Comment Code to document each phase and to assist debugging. Comment the PL/SOL code with two dashes (-) if the comment is on a single line, or enclose the comment between the symbols / and */if the comment spans several lines. Comments are strictly informational and do not enforce any conditions or behavior on behavioral logic or data. Well-placed comments are extremely valuable for code readability and future Code maintenance.

SQLFunctions in PL/SQL 

Most of the functions available in SOL are also valid in PL/SOL expressions: Single-row number functions

  • Single-row character functions
  • Data type conversion functions
  • Date functions
  • Timestamp functions
  • GREATEST, LEAST
  • Miscellaneous functions

The following functions are not available in procedural statements:

  • DECODE.
  • Group functions: AVG, MIN, MAX, COUNT, SUM, STDDEV, and VARIANCE. Group functions apply to groups of rows in a table and therefore are available only in SQL statements in a PL/SQL block.

SOL. Functions in PL/SQL: Examples

  • Build the mailing list for a company.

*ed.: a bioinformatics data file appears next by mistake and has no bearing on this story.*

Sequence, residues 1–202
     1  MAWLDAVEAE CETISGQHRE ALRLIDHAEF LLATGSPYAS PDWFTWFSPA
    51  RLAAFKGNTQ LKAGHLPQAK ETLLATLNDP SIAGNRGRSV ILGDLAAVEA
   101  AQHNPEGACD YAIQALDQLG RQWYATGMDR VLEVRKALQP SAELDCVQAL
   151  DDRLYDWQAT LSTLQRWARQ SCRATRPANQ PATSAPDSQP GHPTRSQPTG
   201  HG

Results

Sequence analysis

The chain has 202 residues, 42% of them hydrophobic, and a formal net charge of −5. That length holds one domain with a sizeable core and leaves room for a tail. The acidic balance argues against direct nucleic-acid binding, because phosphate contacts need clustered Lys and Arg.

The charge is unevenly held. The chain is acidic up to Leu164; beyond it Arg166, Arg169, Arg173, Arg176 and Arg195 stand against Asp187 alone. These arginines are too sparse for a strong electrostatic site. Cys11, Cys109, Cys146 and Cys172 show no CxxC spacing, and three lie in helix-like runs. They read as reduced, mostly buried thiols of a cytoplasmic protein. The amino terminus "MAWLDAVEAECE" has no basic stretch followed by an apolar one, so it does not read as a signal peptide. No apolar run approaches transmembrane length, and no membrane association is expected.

• Convert the emp name to lowercase.

var_mailing_address := var_name || CHR(10) ||

var_address||CHR(10) || ||var_state || ||

CHR(10) || ||var_zip;

warename := LOWER(warename);

SQLFunctions in PL/SOL:

Most of the SQL functions can be used in PL/SQL. These built-in functions help you to manipulate data they fall into the following categories:

  • Number
  • Character
  • Conversion
  • Date
  • Miscellaneous

The function examples in the slide are defined as follows:

Build the mailing address for a company.

Convert the name to lowercase.

CHR is the SQL function that converts an ASCII code to its corresponding character; 10 is the code for line feed.

Data Type Conversion

Convert data to comparable data types.

Mixed data types can result in an error and affect performance. Conversion functions:

  • TO CHAR
  • TO DATE
  • TO NUMBER

DECLARE

var_date DATE := TO_DATE(“12-JAN-2004”, “DD-MON-YYYY”);
BEGIN

Data Type Conversion

PL/SQL attempts to convert data types dynamically if they are mixed in a statement. For example, if you assign a NUMBER value to a CHAR variable, then PL/SQL dynamically translates the number into a character representation, so that it can be stored in the CHAR variable. The reverse situation also applies, provided that the character expression represents a numeric value.

if they are compatible, you can also assign characters to DATE variables and vice versa.

Within an expression, you should make sure that data types are the same. If mixed data types occur in an expression, you should use the appropriate conversion function to convert the data.

Syntax

TO CHAR (value, fmt)

TODATE (value, fmt)

TO NUMBER (value, fmt)

where: value is a character string, number, or date.

fmt is the format model used to Converta Value.